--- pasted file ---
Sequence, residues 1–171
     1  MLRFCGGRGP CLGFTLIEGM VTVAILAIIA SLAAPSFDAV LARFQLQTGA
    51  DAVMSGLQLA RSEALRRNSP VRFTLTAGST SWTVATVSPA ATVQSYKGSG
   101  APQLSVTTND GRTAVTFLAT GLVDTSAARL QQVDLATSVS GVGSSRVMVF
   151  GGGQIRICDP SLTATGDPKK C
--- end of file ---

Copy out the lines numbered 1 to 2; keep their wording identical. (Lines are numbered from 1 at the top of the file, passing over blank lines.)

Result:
Sequence, residues 1–171
     1  MLRFCGGRGP CLGFTLIEGM VTVAILAIIA SLAAPSFDAV LARFQLQTGA